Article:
Cyclingclubaphobia – fear of riding with a cycling club

Chippenham Wheelers, Dave Duffield RideIt is with enormous trepidation that I announce I am going to go for a bike ride with a local cycling club tomorrow.

It is one of the greatest failings of cycling as a social activity that jumping this barrier is a nerve-wracking experience even for someone like me who has been riding in clubs all my life. I have had some of the best cycling experiences ever and great friendship from my long term clubs Godric Cycling Club, Durham University CC, Cardiff Ajax and Reading Cycling Club but each time the first ride was a big step.

If I feel like this today then I know why people can own a sports road or mountain bike for their whole lives and never hook up with a club. Both they and the clubs miss out so often.

A quick examination of my symptoms please doctor:

Will I be able to keep up?

Will my bike fall apart?

If they leave me will I have a clue where I am?

I don’t climb too badly for a bigger lad, but my descending is pretty rusty at the moment – that could be embarrassing.

Amer Mountain Bike club, Girona I’ve never really had a bad first ride on any of these counts, but I have a deeply repressed memory of something odd happening on one of my first club rides in Cardiff. Can’t even remember the details but one of my creative repairs revealed itself during a ride and as I did a patch up by the roadside I could see the eye rolling going on in the background. “We’ve got a right one here” they hinted to each other. I could easily have become one of so many one-timers who never returned instead of enjoying many more years of riding and club life because many do have a really unwelcoming first experience.

Rugby was my other sport for years and despite being a complicated, physical sport it handles this sort of thing so much better. It has the advantage of taking place at a fixed location but the most important welcome to new starters used to be “the fourth team”. (Replace with 5th, 6th, 7th team as appropriate). Can’t run, can’t catch, don’t know the rules and have a long distance relationship with anything called fitness? We’ll give you a run out in the 4ths and see how you get on under the avuncular support of an almost retired older player with a gammy leg and a deaf ear. Everyone plays because a proper 4th team has any number of players between 9 and 17, except the required 15. A proper 4th team is like the boxes of reject broken biscuits we used to love as kids. All shapes and sizes and only occasionally you turn up a complete custard crème, but its the mix that counts. And when you return to the clubhouse the 4th team creates its own legends of the bar. In short, a place for everyone.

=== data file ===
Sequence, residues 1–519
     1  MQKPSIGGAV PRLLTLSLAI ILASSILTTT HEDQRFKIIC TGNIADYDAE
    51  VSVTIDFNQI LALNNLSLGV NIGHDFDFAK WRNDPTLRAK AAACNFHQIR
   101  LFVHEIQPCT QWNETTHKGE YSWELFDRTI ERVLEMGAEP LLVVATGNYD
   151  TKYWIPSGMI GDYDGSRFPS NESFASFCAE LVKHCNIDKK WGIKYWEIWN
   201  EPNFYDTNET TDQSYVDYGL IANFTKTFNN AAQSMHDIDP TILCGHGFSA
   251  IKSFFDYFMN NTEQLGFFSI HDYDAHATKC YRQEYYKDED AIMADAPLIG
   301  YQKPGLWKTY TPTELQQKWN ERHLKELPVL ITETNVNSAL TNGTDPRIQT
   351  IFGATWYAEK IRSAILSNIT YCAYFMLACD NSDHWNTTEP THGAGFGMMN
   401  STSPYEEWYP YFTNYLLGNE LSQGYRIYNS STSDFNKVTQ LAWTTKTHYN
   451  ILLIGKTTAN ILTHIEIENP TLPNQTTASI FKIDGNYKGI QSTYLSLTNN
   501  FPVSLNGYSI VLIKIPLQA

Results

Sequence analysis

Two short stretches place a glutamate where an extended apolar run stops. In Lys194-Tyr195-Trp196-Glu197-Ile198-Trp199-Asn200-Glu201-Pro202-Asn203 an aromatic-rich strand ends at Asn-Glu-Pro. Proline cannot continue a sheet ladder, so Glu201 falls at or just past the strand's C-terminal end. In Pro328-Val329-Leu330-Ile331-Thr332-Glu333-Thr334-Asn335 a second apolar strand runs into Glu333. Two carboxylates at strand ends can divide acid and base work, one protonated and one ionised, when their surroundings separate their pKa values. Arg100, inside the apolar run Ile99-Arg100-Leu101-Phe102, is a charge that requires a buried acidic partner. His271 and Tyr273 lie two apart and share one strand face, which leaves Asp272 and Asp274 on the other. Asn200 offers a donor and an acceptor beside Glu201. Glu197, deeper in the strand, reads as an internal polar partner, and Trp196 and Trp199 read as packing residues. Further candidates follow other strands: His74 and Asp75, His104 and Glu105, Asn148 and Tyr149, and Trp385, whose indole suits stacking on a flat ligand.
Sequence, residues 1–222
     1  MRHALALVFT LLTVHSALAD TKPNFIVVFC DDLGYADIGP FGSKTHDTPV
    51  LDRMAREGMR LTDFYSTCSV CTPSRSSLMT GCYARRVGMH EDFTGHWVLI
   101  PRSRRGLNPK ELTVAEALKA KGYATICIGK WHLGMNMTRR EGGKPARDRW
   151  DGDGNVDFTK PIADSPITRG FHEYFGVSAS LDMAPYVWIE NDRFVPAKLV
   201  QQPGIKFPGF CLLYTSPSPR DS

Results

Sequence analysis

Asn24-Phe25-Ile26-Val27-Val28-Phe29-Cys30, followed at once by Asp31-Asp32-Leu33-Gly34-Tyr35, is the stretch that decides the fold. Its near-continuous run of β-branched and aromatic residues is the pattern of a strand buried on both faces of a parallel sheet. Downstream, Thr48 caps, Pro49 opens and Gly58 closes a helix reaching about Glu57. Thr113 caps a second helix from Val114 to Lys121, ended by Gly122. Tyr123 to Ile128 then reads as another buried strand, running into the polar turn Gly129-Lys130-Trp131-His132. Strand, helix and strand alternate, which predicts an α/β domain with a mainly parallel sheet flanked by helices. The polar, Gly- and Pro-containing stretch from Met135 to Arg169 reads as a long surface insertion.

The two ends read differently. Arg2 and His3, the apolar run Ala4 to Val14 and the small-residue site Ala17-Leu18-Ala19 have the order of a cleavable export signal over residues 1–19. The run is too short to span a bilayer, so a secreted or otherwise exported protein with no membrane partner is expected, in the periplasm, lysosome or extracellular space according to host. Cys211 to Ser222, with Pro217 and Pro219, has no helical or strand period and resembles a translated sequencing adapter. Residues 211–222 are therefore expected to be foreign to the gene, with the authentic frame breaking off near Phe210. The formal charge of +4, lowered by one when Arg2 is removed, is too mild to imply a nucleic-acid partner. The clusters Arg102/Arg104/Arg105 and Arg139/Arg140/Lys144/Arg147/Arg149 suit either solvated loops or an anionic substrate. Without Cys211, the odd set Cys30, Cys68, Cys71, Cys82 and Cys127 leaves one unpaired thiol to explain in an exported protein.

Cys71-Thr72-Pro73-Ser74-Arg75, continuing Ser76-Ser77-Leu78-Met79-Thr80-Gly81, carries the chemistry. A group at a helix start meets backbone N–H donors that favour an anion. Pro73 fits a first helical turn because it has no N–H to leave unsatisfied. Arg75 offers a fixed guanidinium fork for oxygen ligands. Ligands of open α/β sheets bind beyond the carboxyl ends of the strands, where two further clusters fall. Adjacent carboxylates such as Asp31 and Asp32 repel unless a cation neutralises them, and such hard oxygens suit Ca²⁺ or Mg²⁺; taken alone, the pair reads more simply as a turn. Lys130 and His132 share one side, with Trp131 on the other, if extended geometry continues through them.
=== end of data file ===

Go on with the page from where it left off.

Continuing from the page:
FIAB VeronaThis is the biggest argument out for entry level cycling groups in every town in the world.

Back to the matter in hand.

Tomorrow I am going out with the local Belgian cycling club.

This throws up a whole new set of challenges. At least in the UK I know the stock formula for most clubs is a Sunday ride – 60 miles with a coffee stop for most road clubs and maybe shorter distances with elevenses and lunch for the CTC groups.

Here club cycling seems to follows the French model. A racing club is just that, a club focussed on competition with a supporting network of ex-riders and officials. A cycle touring club looks to all intents and purposes exactly the same – club colours, quality road bikes, helmets and a calendar of events but the purpose is to ride together as groups and not to compete. So I reckon they fill the gap that I am looking for – strong-ish riders but not going to rip my legs off, like a club run or a faster CTC group in the UK.

Connection to my most local club has already failed because they are mainly interested in touring events – this weekend they are driving out to events both days. Sounds great, 100km including the legendary Mur de Gammont today but I actually want to learn about this area first and I certainly don’t want to give up 2 hours cycling time to sit in a car. So I’ll save that for another day, tomorrow I’ll try plan B with another club.

Checklist:

  • I have found where they start
  • My bike is scruffy but unlikely to be a laughing stock
  • I can do the distance
  • I have a domestic pass out

So it is time to get a grip Mayne ……. But they are Belgian, born to be hard cyclists. But my conversational French is awful. And what if I fall off on the cobbles, and what if they ……..

Club Italy

In praise of Nicole Cooke, a real champion

Racing cyclist Nicole Cooke announced her retirement today. Multiple world champion and memorably Olympic Road Race champion at Beijing in 1988